• The answer to one question is often closely related to the answer to another question in the set. In this case, the answers to questions 3 and 4 play on exactly the same idea in the passage. When possible, use the answer to the easier question to help you with the more difficult one.

Answer: C


Hope It helps

nannancy wrote:
Please explain question number 4

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New post 24 Jul 2019, 00:10
Please explain the 3rd question
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New post 24 Jul 2019, 08:40
Explanation


3. Which one of the following is an example of the kind of action that Burke feared would pose a serious threat to museums in his country?

Difficulty Level: 700

Explanation

In the absence of a statute of limitations on the recovery of art, Burke is afraid that any country might pass a law at any time to the effect that all art works produced within its territory are “cultural property” that rightfully belong to it. Such a legal decision, he goes on to argue, could involve museums that possess art works from such a country in “ruinous” court battles. Choice (C) reflects precisely the sort of scenario that Burke fears.

(A) Burke is worried about art works currently held by museums, not those that they might be prevented from buying in the future.

(B),(E) Burke is concerned about possible national, not international, legal developments.

(D) There’s nothing in the passage to indicate that Burke thinks that private collectors pose a threat to museums.

• Summing up the gist of paragraphs really helps with questions like this one. Burke provides one defense of the intended legislation. If you understood that defense, choice (C) should have jumped right off the page.

Answer: C


Hope it helps

PrafulKashyap wrote:
Please explain the 3rd question

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New post 01 Aug 2019, 06:56
1
All correct in 11 mins, including 4 mins 30 seconds to read
Para 1- bill - reclamation litigation, statute of limitations
Para 2- James D. Burke- praised the inclusion of a statute of limitations
Para 3- proposed legislation would establish too many unjustifiable barriers
Para 4- need for new legislation to protect holders of art is not obvious but what is necessary is legislation remedying the difficulties that legitimate owners of works of art,

1. Which one of the following most accurately summarizes the main point of the passage?

(C) A bill intended to protect good-faith purchasers of works of art from reclamation litigation is unnecessary and fails to address the needs of legitimate owners attempting to recover stolen art works.- Correct

2. The uncertainty mentioned in line 2 of the passage refers to the

(B) concern that owners of works of art often have that their possession of such objects may be legally challenged at any time- Correct
The legislature of a country recently considered a bill designed to reduce the uncertainty inherent in the ownership of art by specifying certain conditions that must be met before an allegedly stolen work of art can be reclaimed by a plaintiff.

3. Which one of the following is an example of the kind of action that Burke feared would pose a serious threat to museums in his country?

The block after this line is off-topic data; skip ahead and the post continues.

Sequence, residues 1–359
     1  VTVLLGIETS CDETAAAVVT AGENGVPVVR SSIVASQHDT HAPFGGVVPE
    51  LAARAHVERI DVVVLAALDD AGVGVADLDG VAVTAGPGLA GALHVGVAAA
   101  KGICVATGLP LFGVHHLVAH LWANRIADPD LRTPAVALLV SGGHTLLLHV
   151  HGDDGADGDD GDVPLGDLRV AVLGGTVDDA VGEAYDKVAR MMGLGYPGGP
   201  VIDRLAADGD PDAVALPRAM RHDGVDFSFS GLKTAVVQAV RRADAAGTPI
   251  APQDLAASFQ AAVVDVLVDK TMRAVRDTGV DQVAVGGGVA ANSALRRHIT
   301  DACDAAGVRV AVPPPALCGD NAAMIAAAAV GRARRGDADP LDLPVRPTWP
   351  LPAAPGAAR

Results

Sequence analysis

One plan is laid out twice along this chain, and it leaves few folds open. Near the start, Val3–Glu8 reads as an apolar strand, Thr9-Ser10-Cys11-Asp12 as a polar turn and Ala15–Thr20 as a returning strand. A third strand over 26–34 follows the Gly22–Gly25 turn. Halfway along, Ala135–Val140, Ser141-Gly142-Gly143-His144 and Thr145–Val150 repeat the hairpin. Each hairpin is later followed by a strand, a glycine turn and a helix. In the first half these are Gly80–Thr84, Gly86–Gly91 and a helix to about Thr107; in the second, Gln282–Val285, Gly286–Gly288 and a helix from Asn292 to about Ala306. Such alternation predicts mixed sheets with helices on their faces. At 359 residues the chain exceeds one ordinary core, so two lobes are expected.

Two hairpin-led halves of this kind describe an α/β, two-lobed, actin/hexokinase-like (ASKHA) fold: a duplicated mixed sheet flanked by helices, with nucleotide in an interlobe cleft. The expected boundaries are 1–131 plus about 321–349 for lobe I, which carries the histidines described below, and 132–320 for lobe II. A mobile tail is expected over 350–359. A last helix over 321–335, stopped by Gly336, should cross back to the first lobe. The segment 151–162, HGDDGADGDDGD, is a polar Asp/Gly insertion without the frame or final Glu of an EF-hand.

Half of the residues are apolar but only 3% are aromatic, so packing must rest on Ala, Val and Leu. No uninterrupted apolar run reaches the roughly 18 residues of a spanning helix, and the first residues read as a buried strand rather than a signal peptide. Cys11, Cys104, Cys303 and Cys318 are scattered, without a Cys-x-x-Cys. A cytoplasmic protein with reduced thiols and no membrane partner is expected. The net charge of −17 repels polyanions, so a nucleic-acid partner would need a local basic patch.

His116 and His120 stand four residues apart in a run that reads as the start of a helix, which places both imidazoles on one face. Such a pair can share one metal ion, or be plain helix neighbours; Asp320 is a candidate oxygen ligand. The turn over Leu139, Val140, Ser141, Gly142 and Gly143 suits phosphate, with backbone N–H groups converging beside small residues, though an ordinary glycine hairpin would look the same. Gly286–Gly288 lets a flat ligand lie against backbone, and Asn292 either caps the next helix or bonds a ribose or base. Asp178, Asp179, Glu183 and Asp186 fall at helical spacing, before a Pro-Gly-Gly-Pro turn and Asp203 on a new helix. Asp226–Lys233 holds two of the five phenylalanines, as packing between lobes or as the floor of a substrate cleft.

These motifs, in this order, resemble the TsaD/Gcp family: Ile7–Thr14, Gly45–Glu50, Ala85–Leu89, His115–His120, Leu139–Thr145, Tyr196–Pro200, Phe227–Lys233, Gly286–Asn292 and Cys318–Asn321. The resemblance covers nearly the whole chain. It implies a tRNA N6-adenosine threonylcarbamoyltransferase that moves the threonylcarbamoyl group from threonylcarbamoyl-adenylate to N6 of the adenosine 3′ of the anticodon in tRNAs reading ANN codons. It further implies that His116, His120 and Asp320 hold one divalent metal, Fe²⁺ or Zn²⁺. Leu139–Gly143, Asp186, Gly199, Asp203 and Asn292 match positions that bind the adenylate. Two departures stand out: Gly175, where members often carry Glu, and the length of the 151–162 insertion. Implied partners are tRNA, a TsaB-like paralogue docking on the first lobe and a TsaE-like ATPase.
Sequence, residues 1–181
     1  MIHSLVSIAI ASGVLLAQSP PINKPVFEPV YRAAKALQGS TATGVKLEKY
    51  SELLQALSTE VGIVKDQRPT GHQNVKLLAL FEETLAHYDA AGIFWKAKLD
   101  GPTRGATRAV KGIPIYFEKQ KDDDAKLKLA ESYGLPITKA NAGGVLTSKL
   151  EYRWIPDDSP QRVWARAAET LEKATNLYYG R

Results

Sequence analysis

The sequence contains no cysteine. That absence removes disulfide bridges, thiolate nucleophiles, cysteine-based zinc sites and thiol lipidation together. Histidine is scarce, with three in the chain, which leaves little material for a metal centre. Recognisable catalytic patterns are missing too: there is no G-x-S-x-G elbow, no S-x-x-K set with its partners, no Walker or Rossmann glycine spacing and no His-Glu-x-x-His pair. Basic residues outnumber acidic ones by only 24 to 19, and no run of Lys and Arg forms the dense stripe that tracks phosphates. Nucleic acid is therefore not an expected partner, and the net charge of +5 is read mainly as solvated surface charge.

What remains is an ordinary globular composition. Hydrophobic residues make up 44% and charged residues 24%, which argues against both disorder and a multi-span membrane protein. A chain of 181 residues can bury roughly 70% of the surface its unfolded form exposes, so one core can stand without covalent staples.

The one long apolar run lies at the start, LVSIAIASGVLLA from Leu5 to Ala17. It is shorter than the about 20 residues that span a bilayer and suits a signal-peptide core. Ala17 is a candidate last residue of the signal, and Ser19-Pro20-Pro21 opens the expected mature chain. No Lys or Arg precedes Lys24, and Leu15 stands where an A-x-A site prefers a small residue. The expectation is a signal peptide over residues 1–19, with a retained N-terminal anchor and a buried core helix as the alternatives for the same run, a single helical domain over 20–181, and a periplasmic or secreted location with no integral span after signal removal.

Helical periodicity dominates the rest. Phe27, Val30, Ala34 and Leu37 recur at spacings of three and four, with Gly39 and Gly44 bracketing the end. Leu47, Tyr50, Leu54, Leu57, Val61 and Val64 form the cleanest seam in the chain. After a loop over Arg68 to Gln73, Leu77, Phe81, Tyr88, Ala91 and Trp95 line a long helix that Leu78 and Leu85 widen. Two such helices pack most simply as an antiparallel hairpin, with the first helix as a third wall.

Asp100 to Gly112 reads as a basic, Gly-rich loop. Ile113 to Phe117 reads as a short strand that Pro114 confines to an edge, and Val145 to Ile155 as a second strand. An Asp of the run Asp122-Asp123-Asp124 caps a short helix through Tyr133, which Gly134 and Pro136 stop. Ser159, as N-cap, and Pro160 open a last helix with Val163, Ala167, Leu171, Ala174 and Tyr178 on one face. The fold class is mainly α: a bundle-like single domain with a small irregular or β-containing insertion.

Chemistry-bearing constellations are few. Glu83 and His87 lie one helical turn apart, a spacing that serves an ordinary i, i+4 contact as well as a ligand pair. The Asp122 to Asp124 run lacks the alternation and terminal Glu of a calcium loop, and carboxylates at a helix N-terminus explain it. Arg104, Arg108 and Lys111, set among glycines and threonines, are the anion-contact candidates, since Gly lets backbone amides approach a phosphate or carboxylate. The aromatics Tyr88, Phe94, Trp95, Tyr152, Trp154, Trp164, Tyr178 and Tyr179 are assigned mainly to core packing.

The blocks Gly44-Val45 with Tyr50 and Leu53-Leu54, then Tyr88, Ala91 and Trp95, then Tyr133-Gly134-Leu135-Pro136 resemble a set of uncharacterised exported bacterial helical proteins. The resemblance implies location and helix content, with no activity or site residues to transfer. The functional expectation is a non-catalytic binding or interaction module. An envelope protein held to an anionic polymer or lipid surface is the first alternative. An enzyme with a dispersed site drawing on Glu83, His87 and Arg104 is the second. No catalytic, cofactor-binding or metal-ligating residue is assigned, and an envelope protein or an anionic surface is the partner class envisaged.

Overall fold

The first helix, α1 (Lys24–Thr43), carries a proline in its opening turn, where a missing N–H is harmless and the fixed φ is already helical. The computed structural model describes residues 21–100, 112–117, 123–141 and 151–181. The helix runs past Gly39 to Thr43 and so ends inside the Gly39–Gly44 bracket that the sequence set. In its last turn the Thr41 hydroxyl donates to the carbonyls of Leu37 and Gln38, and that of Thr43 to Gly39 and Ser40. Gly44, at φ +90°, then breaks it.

(C) the passage of a law by another country declaring that all objects created by its aboriginal people are the sole property of that country
Any country could enact a patrimony law stating that anything ever made within the boundaries of that country is its cultural property.

4. According to the passage, Burke envisaged the most formidable potential adversaries of his country’s museums in reclamation litigation to be
(C) governments of other countries
; otherwise, he said, other countries could seek to reclaim valuable art objects, no matter how long they have been held by the current owner or how legitimately they were acquired. Any country could enact a patrimony law stating that anything ever made within the boundaries of that country is its cultural property.


5. The author suggests that in the country mentioned in line 1, litigation involving the reclamation of stolen works of art has been

(A) less common than Burke fears it will become without passage of a national statute of limitations for reclamation of stolen cultural property
However, because such reclamation suits have not yet been a problem, there is little basis for Burke’s concern.

6. Which one of the following best describes the author’s attitude toward the proposed bill?
(D) reasoned opposition- Correct, the author provides the reasons for his opposition in para 3 and states what is necessary in para 4

7. Which one of the following best exemplifies the sort of legislation considered necessary by the author of the passage?
(E) a law requiring that a central archive be established for collecting and distributing information concerning all reported thefts of cultural property.

Rather, what is necessary is legislation remedying the difficulties that legitimate owners of works of art, and countries from which such works have been stolen, have in locating and reclaiming these stolen works.
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Re: The legislature of a country recently considered a bill designed to re   [#permalink] 01 Aug 2019, 06:56

The legislature of a country recently considered a bill designed to re